Giulio Regeni case[edit]

One of the most widely covered stories in relation to the situation of academic freedom in Egypt was the case of the Italian PhD candidate Giulio Regeni, a researcher at the University of Cambridge in the UK. Giulio Regeni was first found dead, in the outskirts of Cairo, a week after he was declared missing on January 25, 2016, which coincided with the fifth anniversary of the Egyptian uprising, and his body demonstrated clear signs of torture and severe beating.[20] The PhD candidate was investigating the Egyptian labor movements at the American University of Cairo at the time of his murder. While government officials maintained that Regeni was kidnapped and murdered by a gang, international and Egyptian human rights activists claim that he was actually targeted for his research by the Egyptian government.[20] The murder of Giulio Regeni remains unsolved. The case of the researcher, and the continuing imprisonment of hundreds of scholars and thousands of students and the various restrictions on academic freedom signal that there is an actual “not improvement but, rather, a further tightening of control, and loss of autonomy and freedom in Egyptian higher education, as well as a shrinkiHing[clarification needed] space for critical inquiry and discourse in Egypt generally."[20]

Israel[edit]

History[edit]

In the 1990s, Israeli academia was characterized by open-mindedness and pluralist vision of debated issues such as revisionist history on 1948 war that was finding its way into the academic society.[21] However, with the Second Intifada and its aftermath, these characteristics gradually vanished also due to the disappearance of Israeli left parties, which in fact used to host a great part of Israeli academia and when leftish positions started to change, this influenced the academic environment as well.[21]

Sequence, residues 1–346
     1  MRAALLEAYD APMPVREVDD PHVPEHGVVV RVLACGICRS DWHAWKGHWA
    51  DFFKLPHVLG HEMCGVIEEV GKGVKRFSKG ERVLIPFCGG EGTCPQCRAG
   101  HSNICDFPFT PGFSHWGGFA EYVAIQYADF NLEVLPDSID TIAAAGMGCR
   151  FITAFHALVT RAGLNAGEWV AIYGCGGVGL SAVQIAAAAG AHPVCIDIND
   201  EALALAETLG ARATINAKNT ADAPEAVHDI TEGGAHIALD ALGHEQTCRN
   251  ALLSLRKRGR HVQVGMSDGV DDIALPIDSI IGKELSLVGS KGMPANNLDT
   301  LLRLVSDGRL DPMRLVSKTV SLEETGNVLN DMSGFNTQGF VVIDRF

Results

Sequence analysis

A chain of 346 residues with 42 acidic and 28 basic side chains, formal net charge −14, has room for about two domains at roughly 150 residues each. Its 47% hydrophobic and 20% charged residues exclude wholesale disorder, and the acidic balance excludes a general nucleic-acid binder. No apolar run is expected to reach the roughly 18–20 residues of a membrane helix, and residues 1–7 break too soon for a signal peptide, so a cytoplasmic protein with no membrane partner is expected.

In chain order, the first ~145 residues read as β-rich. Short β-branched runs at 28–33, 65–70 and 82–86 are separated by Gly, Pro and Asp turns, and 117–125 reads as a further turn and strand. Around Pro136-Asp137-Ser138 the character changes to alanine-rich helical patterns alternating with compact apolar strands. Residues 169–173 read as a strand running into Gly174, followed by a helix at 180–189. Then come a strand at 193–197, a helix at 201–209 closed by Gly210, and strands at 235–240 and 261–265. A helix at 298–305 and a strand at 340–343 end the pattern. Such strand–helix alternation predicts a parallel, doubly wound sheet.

Palestinian academia[edit]

Some international actors state that a situation of military occupation[22] with its consequent policies of collective punishments[23] and denial of entrance[24][25], such as checkpoints and the construction of the wall between Israel and West Bank, in the Occupied Palestinian Territories has affected access to education for Palestinians.[26] In fact, straight after the beginning of the first Intifada, the ability for the students of West Bank Universities to study and carry on theirs studies have been limited, while later on, in 2006, a travel ban to get into Israel was issued for Palestinian students belonging to Israeli universities.[27] These procedure go along with a series of entry and residence denials for researchers and students, both foreign passport holders and Palestinian-born, which have threatened the ability of carrying on a proper educational and research level in Palestinian universities.[28][26]

Human Rights Watch reported various violations perpetrated by Israeli authorities on students, in the academic and educational environment. In 2007, 670 students from Gaza were prevented from achieving higher education in countries such as Egypt, Jordan, Germany, Britain and United States, by being denied the exit permits. In total, the number of Gazans who have been denied to exit Gaza has reached 6400 people and this due to Hamas’ takeover of the territory and Israel controlling Gaza’s border. Those students that left for their studies remained once again trapped when they returned home for the summer. Even when they obtained exit permits, students have been stopped at the passenger crossing in Erez, with the justification of “security concerns”.[24][25]